When your time with your child is limited, it’s important to make the most of that time. Showing up for your child’s sporting events to lend your parental support is a great way to do this. That said, some Florida soccer moms and soccer dads have to be careful not to put too much pressure on their kids.
Here are a few things that noncustodial parents and custodial parents should remember when attending their child’s sporting event:
- Sports for your child are about having fun, making friends, getting exercise, learning new skills, building confidence, learning to be a good sport and learning how to work on a team. Sure, everybody wants to win and compete, but are these the most important things for your child, or are they just important to you?
- Pushy and demanding parents take the fun out of the game. Pressured kids feel stressed, and sports stop being fun.
- The line between being a supportive fan and being a stress-inducing fanatic is easy to cross without realizing. Reserve your fanatic antics for the pro teams you love. The pros are adults and professionals, so they can handle the pressure.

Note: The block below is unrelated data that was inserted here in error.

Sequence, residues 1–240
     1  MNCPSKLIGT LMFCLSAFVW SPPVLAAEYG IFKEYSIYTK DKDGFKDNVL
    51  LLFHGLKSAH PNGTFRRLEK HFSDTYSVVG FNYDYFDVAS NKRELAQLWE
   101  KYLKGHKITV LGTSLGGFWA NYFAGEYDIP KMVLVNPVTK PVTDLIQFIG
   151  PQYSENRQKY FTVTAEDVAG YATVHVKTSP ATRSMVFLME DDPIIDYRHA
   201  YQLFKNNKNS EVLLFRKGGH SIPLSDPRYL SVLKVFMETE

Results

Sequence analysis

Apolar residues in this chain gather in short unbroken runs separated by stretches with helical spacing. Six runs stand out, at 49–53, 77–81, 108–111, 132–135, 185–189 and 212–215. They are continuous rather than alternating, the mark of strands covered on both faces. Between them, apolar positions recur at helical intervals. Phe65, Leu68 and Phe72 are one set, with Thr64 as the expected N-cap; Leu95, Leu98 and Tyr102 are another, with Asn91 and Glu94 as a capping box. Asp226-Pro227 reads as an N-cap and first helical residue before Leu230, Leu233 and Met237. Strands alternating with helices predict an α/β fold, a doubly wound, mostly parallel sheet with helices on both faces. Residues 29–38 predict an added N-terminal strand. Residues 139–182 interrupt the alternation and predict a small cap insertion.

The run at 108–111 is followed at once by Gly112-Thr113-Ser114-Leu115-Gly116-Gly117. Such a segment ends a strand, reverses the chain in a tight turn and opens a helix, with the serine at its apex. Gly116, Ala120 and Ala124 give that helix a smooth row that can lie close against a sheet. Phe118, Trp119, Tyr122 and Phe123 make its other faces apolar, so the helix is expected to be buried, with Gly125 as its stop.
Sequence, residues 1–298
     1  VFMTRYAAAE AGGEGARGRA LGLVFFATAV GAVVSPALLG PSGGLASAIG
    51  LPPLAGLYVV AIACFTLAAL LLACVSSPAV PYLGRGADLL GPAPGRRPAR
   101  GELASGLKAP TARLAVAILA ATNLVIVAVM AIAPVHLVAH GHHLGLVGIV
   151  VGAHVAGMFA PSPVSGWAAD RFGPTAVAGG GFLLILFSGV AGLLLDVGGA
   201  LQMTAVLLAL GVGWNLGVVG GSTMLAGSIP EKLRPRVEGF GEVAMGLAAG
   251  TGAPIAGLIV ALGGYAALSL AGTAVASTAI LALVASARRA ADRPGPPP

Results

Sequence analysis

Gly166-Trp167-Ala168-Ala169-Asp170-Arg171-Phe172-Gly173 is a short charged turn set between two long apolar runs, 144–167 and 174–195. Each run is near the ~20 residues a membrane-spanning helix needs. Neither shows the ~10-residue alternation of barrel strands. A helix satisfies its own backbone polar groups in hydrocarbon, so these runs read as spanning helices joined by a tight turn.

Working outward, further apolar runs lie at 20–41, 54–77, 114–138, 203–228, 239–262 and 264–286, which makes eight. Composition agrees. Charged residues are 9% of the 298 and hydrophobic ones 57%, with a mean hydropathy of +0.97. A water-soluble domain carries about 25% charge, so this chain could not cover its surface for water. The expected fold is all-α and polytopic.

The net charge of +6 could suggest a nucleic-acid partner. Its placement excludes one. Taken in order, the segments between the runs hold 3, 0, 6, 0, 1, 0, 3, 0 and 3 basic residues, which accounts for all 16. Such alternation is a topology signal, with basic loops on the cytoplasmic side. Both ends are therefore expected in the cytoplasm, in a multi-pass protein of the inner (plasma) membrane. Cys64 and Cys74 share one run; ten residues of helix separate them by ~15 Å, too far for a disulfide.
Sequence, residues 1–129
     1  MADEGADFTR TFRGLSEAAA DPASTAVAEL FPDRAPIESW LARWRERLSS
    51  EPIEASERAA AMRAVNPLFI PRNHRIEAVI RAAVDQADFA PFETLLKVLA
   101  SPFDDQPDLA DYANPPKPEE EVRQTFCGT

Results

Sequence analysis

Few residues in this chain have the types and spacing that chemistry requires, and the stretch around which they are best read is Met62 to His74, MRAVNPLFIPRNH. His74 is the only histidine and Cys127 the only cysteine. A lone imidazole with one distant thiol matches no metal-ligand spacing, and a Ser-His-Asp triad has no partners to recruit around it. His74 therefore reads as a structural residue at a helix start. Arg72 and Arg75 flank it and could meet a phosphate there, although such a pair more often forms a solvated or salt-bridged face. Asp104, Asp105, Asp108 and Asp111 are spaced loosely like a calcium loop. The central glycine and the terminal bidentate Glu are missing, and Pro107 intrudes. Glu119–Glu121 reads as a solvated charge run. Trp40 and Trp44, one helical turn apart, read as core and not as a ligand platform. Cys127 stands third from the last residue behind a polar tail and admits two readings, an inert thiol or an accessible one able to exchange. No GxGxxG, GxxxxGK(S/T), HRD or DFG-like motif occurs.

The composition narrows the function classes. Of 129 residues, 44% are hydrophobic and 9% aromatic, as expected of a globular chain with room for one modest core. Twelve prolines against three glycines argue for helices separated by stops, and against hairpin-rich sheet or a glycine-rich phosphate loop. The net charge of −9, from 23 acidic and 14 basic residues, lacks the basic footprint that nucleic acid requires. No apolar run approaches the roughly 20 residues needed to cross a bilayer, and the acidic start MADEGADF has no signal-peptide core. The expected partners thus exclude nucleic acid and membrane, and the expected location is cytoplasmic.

- Seventy percent of children stop playing sports because they’re not fun for them anymore. Is this because the sports were never fun, and they’ve just become more conscious of their feelings? Is this because of increased pressure to perform coming from hard could result in them giving up. There’s a fine line between being supportive and being destructive.
At the end of the day, the absolute most important thing you can do is to show up on the side of the field and be there in a loving way to support your child. However, some parents aren’t even able to do that if they lose their child custody rights, or if the other parent tries to keep information regarding a child’s sporting schedule a secret. If your child custody rights are in jeopardy, you can ask the courts to protect your time with your child.
Source: Upworthy, “Kids reveal the best things parents can say to them at their sporting events.,” Erin Canty, accessed Nov. 30, 2017